Here’s how Oscar nominee Ariana DeBose could make history

Ariana DeBose as Anita in "West Side Story."
Ariana DeBose, center, as Anita in Steven Spielberg’s remake of “West Side Story.”
(Niko Tavernise / 20th Century Studios)
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She’s already in some exclusive clubs, but if newly minted Oscar nominee Ariana DeBose (of “West Side Story”) won, she’d join more.

She and Rita Moreno, who won the Oscar for playing the same role (Anita) in the 1961 version of “West Side Story,” are now among the rare pairs of actors to be nominated for playing the same character. They have a chance to become only the third pair to both win.

“That’s a really, really exclusive club,” she said. “I’m honored ... I think it [proves] multiple interpretations, all of them are valid. Variety is good! I think we should normalize that. Exciting!”


DeBose told The Times she hadn’t been able to call anyone, including her mother, with the news because her phone was preemptively blowing up.

“They’re not giving me the chance. My mom called while she was in class because she’s a teacher. All I heard was ‘Waaaaaaa!,’ ” she said, simulating her mother’s students’ excitement. “Her kids were clapping in the background; she said, ‘We have to go learn some history, but I love you, goodbye!’ ”

She’s a supporting actress nominee alongside Jessie Buckley (“The Lost Daughter”), Kirsten Dunst (“The Power of the Dog”), Judi Dench (“Belfast”) and Aunjanue Ellis (“King Richard”).

DeBose got the nod for her renewal of the iconic role, Anita, which won an Oscar for eventual EGOT honoree (and DeBose’s castmate in the Steven Spielberg remake) Moreno in the 1961 film version of “West Side Story.”

A Tony nominee for “Summer: The Donna Summer Musical” and a co-star of recent musical projects “The Prom” and “Schmigadoon!,” DeBose has been the betting favorite, according to multiple online oddsmakers, since shortly after the movie came out; her position has only improved throughout awards season as she has cleaned up among critics groups, including her December win with the Los Angeles Film Critics Assn.

The actress boldly put her own stamp on the beloved character, using elements that were essentially her own. In an interview with The Times, she said that during the audition process, she told a room with large names such as Spielberg and screenwriter Tony Kushner in it, “‘I’m Afro-Latina, and that would inform everything about this character, by virtue of how she would walk through her community. If you’re not interested in exploring that, you shouldn’t hire me.’ And Tony was like, ‘OK, let’s go.’”


Of the powerful physicality and full menu of nonverbal communication with which she outfits the role, DeBose said: “You should feel her in the room before you hear her. You don’t need to hear her to know how she feels about something.” She told The Times that Anita is able to eventually accept her surrogate daughter Maria’s love for the man who killed Anita’s love because, “Anita knows the greatest act of love is to exhibit forgiveness in the face of extreme grief. At the heart of everything, Anita was trying to build pure love ... That turn was about forgiveness.”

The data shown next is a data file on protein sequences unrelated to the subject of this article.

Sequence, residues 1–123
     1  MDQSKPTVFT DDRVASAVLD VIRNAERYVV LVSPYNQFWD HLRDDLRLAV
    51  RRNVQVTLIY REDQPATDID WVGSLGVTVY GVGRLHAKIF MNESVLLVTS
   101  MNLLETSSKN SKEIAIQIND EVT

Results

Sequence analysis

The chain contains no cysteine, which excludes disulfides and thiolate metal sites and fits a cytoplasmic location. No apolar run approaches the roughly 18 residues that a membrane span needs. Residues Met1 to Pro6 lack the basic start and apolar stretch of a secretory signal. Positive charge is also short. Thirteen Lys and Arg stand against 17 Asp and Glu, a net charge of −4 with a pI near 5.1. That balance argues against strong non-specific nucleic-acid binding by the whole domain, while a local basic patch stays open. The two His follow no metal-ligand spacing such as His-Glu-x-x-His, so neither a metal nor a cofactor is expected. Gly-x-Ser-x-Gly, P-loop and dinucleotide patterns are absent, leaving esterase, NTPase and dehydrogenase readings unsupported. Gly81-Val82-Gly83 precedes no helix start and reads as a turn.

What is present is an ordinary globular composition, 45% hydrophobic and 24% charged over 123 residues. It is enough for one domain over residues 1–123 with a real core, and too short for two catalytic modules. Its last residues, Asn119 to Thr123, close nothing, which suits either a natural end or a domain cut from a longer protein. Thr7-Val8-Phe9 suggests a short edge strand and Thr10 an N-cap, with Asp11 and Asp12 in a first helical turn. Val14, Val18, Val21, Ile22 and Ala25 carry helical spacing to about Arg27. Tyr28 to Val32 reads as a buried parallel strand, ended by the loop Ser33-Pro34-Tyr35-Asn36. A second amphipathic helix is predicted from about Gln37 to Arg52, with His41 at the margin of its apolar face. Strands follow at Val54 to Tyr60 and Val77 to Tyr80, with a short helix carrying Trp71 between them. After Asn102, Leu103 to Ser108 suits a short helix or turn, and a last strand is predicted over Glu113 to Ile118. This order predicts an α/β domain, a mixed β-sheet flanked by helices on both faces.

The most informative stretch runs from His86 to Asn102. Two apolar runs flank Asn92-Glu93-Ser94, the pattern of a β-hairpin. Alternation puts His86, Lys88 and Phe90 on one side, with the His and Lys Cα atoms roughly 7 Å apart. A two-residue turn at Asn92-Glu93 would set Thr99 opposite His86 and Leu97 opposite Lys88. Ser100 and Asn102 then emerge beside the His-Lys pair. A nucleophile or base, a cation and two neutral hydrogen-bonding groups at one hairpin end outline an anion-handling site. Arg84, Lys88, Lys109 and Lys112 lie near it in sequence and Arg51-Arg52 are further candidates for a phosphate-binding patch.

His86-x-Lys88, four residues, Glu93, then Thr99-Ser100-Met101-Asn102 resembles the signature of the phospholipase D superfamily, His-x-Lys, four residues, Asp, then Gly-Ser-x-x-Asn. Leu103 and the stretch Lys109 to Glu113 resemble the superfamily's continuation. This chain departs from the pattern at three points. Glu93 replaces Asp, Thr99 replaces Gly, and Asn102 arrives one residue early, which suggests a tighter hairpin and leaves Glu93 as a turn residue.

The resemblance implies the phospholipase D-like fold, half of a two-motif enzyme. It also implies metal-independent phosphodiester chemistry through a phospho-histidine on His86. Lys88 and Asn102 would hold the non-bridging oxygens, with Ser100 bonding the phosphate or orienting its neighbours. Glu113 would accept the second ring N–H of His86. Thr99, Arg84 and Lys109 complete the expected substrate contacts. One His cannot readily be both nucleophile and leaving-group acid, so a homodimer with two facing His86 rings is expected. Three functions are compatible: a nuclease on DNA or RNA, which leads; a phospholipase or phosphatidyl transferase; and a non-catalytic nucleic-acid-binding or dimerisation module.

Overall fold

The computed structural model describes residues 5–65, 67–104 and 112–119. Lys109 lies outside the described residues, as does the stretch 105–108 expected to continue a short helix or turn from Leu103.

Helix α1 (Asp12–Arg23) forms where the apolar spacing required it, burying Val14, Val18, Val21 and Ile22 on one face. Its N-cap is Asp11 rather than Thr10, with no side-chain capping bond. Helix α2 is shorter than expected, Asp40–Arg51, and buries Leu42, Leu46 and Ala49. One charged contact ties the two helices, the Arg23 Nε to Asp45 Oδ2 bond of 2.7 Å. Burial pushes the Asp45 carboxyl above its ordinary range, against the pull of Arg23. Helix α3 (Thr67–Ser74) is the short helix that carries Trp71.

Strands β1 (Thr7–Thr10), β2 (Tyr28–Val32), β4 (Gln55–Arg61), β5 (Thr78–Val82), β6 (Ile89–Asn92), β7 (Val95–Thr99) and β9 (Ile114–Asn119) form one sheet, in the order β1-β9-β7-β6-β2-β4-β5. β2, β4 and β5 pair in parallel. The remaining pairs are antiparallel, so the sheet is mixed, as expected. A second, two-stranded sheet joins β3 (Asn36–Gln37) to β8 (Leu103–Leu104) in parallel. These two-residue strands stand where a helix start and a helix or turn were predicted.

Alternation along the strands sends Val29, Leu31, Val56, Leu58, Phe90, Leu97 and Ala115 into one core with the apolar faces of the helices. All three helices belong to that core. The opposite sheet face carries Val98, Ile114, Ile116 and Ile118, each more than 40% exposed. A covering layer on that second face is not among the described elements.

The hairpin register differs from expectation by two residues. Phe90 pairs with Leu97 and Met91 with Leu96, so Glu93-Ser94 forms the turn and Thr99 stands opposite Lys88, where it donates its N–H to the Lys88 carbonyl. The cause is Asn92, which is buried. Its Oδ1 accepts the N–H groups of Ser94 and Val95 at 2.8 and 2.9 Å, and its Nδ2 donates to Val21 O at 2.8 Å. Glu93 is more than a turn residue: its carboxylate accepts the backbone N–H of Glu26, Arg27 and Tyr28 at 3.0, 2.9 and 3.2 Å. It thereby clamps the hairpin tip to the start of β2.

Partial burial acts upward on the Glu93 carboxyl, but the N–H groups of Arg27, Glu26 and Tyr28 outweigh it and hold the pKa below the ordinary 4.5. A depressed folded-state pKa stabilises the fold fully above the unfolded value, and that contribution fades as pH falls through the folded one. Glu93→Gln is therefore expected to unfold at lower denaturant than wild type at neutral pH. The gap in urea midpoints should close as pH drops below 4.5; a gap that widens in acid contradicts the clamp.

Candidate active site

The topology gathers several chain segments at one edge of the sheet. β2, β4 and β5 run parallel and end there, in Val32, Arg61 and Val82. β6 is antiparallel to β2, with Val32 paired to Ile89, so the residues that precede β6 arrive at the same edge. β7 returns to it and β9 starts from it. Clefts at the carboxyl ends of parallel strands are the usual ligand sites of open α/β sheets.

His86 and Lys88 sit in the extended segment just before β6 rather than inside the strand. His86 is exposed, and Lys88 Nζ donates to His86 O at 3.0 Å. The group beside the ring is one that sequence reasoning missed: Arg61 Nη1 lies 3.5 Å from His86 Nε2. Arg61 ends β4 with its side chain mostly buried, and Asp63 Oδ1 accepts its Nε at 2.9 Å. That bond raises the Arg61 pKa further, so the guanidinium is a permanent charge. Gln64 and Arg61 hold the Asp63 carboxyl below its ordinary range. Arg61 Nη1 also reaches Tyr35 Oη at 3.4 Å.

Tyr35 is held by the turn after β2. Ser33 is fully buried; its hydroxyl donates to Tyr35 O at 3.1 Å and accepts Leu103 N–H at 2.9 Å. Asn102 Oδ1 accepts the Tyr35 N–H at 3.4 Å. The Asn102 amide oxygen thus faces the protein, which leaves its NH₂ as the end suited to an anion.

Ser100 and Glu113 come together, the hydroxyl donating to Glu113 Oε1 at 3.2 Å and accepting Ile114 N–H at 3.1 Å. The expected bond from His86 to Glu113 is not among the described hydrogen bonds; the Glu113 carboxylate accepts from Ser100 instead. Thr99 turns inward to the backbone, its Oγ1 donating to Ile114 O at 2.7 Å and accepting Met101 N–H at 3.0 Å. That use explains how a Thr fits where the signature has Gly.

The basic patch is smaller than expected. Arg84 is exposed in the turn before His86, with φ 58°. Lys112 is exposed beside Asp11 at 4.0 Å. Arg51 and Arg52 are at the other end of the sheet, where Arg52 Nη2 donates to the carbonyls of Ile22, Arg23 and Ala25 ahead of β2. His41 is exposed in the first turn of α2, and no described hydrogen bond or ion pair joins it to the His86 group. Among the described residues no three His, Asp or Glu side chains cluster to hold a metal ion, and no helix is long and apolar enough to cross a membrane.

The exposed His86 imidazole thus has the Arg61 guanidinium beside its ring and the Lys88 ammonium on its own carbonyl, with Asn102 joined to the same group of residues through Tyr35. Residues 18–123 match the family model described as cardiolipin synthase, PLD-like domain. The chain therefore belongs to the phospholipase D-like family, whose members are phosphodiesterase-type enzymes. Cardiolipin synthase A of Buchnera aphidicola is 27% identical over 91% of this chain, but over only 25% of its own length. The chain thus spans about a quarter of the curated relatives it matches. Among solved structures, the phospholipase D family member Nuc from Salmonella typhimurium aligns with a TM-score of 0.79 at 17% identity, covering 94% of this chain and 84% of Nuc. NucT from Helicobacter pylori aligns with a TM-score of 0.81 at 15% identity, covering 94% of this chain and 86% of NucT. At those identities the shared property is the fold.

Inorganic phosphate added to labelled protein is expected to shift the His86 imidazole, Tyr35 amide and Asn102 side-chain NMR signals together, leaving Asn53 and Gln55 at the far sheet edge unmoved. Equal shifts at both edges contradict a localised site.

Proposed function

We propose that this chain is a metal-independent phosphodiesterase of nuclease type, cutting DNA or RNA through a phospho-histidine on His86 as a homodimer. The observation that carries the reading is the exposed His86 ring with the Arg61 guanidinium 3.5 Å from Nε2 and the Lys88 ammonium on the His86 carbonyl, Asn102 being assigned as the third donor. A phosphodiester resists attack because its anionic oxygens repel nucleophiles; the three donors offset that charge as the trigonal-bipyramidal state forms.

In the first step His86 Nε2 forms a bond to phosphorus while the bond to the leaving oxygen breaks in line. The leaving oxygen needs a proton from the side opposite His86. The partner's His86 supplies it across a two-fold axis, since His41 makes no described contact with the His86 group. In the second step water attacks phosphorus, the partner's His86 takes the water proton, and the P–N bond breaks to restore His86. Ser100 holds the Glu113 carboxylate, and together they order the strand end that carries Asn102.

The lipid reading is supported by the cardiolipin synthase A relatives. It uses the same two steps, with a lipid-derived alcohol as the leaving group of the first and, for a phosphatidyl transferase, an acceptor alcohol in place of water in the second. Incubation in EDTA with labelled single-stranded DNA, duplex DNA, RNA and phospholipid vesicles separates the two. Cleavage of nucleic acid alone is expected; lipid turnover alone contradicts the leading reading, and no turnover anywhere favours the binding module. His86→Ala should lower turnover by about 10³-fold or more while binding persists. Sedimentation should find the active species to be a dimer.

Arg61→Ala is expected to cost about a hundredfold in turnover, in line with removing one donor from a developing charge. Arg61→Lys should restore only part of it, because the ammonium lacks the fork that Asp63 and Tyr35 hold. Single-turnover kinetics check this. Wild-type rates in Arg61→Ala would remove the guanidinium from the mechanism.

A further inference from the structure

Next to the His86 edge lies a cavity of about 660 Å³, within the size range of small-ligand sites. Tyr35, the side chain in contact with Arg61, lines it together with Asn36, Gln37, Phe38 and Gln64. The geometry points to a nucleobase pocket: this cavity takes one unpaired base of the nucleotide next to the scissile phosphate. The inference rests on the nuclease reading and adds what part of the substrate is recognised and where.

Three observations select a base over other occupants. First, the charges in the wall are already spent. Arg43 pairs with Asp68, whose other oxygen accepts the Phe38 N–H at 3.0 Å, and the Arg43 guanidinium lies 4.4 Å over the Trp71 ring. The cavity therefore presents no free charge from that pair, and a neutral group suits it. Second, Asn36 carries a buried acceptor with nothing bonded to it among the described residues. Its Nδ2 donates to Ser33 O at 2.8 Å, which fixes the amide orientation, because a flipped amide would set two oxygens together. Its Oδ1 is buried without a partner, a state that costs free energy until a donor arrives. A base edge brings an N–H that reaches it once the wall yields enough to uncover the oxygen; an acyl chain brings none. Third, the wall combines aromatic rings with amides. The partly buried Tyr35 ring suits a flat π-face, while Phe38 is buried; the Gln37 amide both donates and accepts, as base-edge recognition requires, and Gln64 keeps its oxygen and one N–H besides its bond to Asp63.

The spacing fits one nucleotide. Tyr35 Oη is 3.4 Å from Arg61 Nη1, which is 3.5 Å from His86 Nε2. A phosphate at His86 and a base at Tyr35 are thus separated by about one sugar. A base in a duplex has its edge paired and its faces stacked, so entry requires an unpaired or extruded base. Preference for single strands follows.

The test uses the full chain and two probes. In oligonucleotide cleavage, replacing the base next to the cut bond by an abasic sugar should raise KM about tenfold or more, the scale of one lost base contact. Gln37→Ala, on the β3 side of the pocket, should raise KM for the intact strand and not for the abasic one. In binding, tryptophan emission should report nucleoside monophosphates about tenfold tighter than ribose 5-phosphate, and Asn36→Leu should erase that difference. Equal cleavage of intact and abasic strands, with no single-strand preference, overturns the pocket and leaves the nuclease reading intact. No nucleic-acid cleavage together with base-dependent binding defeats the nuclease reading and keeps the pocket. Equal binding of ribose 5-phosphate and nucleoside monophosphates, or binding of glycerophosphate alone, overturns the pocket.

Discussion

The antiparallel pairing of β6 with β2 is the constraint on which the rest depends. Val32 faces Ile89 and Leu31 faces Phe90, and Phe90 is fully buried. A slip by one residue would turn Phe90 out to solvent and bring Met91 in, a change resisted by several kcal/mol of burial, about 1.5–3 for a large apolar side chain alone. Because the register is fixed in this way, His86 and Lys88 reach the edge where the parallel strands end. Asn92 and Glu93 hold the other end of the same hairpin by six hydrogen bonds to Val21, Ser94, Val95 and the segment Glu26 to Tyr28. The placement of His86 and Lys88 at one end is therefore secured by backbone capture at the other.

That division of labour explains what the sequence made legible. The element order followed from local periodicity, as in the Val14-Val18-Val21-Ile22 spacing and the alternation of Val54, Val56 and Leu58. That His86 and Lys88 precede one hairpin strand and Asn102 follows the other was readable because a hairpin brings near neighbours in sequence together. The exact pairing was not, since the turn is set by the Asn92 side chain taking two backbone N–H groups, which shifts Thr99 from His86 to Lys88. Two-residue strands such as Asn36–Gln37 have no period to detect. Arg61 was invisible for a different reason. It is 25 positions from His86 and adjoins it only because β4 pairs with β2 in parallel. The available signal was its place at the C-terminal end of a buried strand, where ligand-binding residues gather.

Yet when the actress got the news of her nomination (on a walk with her best friend), she didn’t move a muscle: “Absolute stillness and calm,” she told The Times. “Complete gratitude. I stopped what I was doing, there was no movement.”

Should DeBose win the Oscar, she and Moreno would join the impressive, exclusive club of pairs of actors to win for playing the same character. The only others: Marlon Brando and Robert De Niro as Vito Corleone (“The Godfather” and “The Godfather Part II,” respectively); and Heath Ledger and Joaquin Phoenix as the Joker (in “The Dark Knight” and “Joker,” respectively). She and Moreno would be the first women and performers of color to accomplish the feat.

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March 24, 2022

There have been several other instances of actors nominated as the same character, a club to which she and Moreno now belong (though they are the first performers of color in the group). Among them: John Wayne and Jeff Bridges as Rooster Cogburn (Wayne won for the original “True Grit”); Laurence Olivier and Kenneth Branagh as King Henry V in their versions of “Henry V”; and Anthony Hopkins and Frank Langella as Richard Nixon in “Nixon” and “Frost/Nixon,” respectively.

Dench and Cate Blanchett were also each nominated for their takes on Queen Elizabeth I — in the same year, 1999 — for “Shakespeare in Love” and “Elizabeth,” as supporting and lead, respectively. Dench proved less is more, winning the Oscar for only eight minutes of screen time. Blanchett was also nominated for the role in the sequel, “Elizabeth: The Golden Age,” making her one of a handful of actors nominated twice as the same character.

Dench was also nominated along with Kate Winslet for playing the same character in the same film as Iris Murdoch in “Iris.” Winslet was also nominated alongside costar Gloria Stuart for both playing the protagonist Rose in “Titanic,” making Winslet the only actor to accomplish the feat twice.

The actress also joins lead actress nominee Kristen Stewart (“Spencer”) as rare openly LGBTQ acting nominees.


“It’s everything,” said DeBose. “Representation is something I really talk about. I believe if young people can see themselves in the media they consume, then it shows them they have possibilities. It’s one of the reasons this moment is so special.”

Then she paused and yelled at her phone, “Stop texting me!”